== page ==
“Once you see one cherry tree, you see them everywhere,” he says. “It’s like pattern recognition.”
That’s true, says Wheat, but she says Katz-Christy’s brain seems specially designed for the task. She’s amazed at his ability to produce near verbatim minutes of LURC meetings while taking minimal notes. His memory has an incredible, if selective, storage capacity, she says.
“I don’t know how he does it. His kids tease him because he can remember every detail about every harvest site, and he can’t remember his kids’ birthdays,” Wheat says.
Harvesters, canners, and homeowners divide up the processed jams, jellies, and spreads. Wayne Marshall, an ethnomusicologist and an avid gardener in Cambridge, signed up for LURC after a friend saw a flier for the group. Marshall’s family took part in LURC’s first full harvest season in 2012 and they he says they thoroughly enjoyed the harvest experience. His two little girls loved being underfoot and sampling the goods during the fruit-picking. At the end of the season, the family’ larder was filled with canned fruit.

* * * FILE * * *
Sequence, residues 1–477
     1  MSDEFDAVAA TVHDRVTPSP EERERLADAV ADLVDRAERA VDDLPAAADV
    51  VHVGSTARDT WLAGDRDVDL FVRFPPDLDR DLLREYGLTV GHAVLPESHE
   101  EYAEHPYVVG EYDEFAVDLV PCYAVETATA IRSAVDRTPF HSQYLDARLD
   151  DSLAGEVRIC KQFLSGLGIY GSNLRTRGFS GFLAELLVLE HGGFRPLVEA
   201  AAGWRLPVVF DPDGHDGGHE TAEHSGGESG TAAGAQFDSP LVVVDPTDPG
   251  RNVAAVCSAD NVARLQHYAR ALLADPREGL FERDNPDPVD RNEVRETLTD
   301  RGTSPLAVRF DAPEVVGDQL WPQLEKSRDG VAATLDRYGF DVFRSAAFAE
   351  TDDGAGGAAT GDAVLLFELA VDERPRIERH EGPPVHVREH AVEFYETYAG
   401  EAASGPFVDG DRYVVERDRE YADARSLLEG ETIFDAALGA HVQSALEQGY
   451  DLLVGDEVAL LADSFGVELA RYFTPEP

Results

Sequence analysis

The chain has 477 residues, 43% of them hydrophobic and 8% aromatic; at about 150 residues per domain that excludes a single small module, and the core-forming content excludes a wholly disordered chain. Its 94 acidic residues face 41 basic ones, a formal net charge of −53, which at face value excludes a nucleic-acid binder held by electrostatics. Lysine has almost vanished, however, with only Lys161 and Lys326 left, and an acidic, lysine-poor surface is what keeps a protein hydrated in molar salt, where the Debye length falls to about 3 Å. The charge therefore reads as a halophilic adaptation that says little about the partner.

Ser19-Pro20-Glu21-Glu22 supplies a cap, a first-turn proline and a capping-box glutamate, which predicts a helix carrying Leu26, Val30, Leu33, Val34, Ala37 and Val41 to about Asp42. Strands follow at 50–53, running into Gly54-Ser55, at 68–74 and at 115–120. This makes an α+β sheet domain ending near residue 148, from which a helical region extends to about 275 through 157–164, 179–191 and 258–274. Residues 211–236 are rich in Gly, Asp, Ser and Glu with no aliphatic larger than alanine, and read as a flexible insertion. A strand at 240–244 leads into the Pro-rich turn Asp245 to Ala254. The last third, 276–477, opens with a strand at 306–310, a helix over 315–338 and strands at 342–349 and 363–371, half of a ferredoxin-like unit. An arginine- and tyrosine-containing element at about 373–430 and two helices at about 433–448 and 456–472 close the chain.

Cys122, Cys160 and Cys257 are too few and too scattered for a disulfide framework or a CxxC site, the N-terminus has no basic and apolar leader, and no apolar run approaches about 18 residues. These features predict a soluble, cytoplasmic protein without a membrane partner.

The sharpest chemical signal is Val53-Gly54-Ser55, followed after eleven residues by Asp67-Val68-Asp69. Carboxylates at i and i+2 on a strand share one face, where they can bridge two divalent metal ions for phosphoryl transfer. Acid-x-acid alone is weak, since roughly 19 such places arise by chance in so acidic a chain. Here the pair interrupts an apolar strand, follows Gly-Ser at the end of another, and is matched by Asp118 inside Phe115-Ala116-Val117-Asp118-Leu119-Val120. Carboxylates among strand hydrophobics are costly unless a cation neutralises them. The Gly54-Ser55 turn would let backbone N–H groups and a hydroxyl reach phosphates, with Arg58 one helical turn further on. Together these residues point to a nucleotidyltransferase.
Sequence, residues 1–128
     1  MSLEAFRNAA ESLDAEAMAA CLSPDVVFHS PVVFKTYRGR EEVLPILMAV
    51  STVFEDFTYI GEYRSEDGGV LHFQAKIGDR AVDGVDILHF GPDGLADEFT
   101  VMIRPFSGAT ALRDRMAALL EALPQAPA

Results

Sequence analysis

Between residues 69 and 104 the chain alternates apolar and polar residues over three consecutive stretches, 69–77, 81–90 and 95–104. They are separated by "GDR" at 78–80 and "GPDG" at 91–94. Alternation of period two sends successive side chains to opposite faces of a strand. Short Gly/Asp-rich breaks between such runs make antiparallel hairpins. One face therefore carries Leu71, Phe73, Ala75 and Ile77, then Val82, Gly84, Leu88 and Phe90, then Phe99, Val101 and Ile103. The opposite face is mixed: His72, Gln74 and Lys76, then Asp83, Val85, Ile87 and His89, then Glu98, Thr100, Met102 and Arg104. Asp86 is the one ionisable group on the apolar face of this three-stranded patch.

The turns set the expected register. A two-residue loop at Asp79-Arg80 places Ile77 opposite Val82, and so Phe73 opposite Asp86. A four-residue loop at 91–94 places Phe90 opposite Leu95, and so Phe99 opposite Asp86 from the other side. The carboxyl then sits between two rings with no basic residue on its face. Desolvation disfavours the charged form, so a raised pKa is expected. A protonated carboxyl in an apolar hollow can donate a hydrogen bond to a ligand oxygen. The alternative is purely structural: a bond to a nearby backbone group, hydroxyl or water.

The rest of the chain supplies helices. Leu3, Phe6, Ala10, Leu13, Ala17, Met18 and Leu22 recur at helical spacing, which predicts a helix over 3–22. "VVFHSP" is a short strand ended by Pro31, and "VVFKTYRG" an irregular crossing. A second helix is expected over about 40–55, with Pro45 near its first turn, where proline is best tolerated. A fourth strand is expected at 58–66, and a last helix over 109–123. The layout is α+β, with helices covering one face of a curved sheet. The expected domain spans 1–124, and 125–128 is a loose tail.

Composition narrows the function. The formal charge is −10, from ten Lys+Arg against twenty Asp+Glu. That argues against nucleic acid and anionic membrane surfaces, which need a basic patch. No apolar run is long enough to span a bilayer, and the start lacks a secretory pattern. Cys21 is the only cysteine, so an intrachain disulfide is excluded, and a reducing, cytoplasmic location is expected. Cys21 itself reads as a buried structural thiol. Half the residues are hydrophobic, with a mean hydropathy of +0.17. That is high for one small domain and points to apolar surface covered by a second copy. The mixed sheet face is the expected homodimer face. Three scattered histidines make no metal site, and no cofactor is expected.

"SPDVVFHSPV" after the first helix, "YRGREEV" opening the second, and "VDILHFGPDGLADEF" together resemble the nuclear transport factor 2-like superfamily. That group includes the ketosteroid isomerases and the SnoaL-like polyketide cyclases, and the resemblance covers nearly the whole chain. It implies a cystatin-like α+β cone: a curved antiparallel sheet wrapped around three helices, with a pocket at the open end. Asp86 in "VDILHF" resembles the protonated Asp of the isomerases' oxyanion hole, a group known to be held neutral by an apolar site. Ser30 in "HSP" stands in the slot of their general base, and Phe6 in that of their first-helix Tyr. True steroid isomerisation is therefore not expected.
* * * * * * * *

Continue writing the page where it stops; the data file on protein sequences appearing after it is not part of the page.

“It was just such a shocking abundance all of the a sudden,” Marshall says. “One of the insights that Sam has is that we don’t need to plant that many more trees. There are tons of trees.”
For the upcoming season, LURC wants to give back to the city’s scattered fruit orchards by pruning them. To do this, they’ve enlisted the volunteer help of Jen and Ned, gardeners in Cambridge. Gardener Ned Wise met Katz-Christy as each marveled at the other’s customized bike trailer; Wise’s was decked out to handle gardening tools, while Katz-Christy’s was built for harvesting. Wise found Katz-Christy’s enthusiasm for LURC irresistible.